Why do we need a personalised approach to weight-loss?

According to the latest science, here are the secrets to the effective, healthy and long-term weight-loss:

1. Eat natural foods instead of processed foods.

Eating whole, unprocessed food without labels will eliminate the need of counting calories.

Eat: lean meat, fish (especially the oily types, such as salmon), eggs, nuts and seeds, vegetables, fruit, coconut oil for cooking, extra virgin olive oil for salad dressings, lentils, beans and quinoa (always rinsed and pre-soaked), brown basmati rice and gluten-free oats. 

Don't eat: anything that has an ingredients list. 

2. Avoid sugars, grains and potatoes.

Simple carbohydrates, such as bread, pasta, pizza, biscuits or potatoes, affect the body in a similar way to sugar. This kind of carbohydrates triggers a rapid spike in blood sugar, therefore it's considered to be the culprit of weight gain. Refined carbohydrates add on extra kilograms through their high glycemic index, which means they cause a quick surge in blood sugar. The sugar is then stored in muscle and if it is not used, it turns into fat. 

Choose root vegetables and whole grains instead of refined carbohydrates and eat them sparingly - remembering that reducing the consumption of refined carbohydrates can be especially important for weight-loss!

3. Include good quality protein protein and healthy fats. 

Good choices of protein are lean organic or wild meat, game, poultry, fish and eggs. Plant protein sources are also great, such as nuts, seeds, beans and pulses. Including protein with every meal will ensure the feeling of satiety.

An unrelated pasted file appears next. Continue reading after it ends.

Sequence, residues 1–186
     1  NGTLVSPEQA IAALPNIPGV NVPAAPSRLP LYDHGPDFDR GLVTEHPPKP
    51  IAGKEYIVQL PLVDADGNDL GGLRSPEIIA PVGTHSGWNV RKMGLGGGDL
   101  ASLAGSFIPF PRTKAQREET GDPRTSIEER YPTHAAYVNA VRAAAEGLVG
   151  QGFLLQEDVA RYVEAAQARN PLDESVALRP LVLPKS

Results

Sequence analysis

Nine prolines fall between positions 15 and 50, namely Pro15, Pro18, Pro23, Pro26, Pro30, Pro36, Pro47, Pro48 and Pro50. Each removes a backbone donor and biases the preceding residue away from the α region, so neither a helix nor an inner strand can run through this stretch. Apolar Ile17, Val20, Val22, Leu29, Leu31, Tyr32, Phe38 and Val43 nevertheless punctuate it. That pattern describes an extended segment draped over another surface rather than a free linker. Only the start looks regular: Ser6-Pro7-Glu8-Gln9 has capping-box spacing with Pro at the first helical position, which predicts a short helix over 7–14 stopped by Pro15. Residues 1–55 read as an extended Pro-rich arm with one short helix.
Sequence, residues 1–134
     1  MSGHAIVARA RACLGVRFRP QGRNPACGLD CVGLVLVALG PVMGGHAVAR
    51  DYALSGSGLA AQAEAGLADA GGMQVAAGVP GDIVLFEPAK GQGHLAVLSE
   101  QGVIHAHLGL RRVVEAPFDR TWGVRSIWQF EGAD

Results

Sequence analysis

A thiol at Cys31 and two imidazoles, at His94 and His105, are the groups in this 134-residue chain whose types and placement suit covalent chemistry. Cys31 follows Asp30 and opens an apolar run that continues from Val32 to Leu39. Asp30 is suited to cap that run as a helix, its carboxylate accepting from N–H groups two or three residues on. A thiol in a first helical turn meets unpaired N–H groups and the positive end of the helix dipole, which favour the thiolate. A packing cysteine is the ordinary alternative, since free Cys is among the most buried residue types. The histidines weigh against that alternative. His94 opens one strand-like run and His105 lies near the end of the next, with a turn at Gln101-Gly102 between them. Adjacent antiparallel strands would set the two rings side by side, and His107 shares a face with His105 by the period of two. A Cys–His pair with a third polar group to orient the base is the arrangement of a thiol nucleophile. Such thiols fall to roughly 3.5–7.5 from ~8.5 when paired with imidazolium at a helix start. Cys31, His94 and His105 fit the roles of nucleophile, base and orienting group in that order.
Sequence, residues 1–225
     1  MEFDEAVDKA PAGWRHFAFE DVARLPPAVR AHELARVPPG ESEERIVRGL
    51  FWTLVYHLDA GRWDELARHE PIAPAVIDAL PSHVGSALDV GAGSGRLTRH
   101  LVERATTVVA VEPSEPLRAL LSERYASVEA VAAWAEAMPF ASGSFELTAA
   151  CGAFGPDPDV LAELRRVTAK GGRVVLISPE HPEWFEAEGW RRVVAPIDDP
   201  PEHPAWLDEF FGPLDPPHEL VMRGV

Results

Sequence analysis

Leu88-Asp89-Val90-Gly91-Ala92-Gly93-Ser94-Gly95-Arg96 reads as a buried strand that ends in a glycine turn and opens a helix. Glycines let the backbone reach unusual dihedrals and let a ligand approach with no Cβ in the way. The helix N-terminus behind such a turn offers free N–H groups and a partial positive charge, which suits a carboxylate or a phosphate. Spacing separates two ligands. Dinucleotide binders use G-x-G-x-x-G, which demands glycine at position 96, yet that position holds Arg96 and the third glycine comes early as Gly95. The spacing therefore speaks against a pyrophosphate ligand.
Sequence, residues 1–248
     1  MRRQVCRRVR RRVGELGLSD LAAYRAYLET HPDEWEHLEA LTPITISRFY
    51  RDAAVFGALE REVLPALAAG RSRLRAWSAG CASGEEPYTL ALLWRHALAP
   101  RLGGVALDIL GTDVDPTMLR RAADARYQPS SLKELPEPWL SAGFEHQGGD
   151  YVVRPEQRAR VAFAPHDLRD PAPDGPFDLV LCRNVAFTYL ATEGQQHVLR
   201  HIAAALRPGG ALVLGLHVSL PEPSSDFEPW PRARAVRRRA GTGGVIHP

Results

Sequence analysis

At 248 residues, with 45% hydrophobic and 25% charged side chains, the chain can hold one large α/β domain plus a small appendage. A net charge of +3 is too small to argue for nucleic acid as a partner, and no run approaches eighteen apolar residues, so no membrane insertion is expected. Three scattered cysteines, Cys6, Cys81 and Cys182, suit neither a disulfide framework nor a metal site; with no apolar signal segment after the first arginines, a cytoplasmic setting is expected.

Include healthy fats in your diet (avocados, nuts, olive oil). Cook with healthy saturated fats (coconut oil or ghee). Add extra virgin olive oil to salads. To boost omega 3 levels, consume two to three portions of oily fish per week. Remember oily fish as SMASH (salmon, mackerel, anchovies, sardines, herring).

Diets need to be personalised to the needs of the individual!

There is no one single diet that is better than others for long term sustainable healthy weight-loss. 

The largest ever study on glucose responses in humans, covered almost 47,000 meals and followed 800 subjects for each meal for a week. Glucose sensors were used to track glucose levels, and the results showed that different people had different responses to individual foods. For example white bread produced huge spikes in some people, but not others. Different people were affected by ice cream, but not necessarily the same people who had a spike after white bread. Rice produced a spike in some subjects, including in some who were not affected by ice cream or bread.

Conclusion was that it’s not just about the properties of the food, but the personal features of the person eating it, such as age, lifestyle factors and microbiome.  

Therefore, these guidelines are just the basis for further personalisation, each individual should be considered unique and the key to success is to choose the diet that is most do-able for you, tailoring it to your individual needs. This way, you will be more motivated to stick with it for the long-term.

The views expressed in this article are those of the author. All articles published on Nutritionist Resource are reviewed by our editorial team.

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Borehamwood WD6 & London WC1X
Written by Karolina Hauza, Diabetes Type 2 Expert
Borehamwood WD6 & London WC1X

Karolina Lukaszewicz is a registered nutritional therapist, trained in naturopathic nutrition at the prestigious College of Naturopathic Medicine in London. She founded Get Eat Right Nutritional Therapy, offering online nutrition advice via Skype, and 1-2-1 consultations in London and Borehamwood (Herts).

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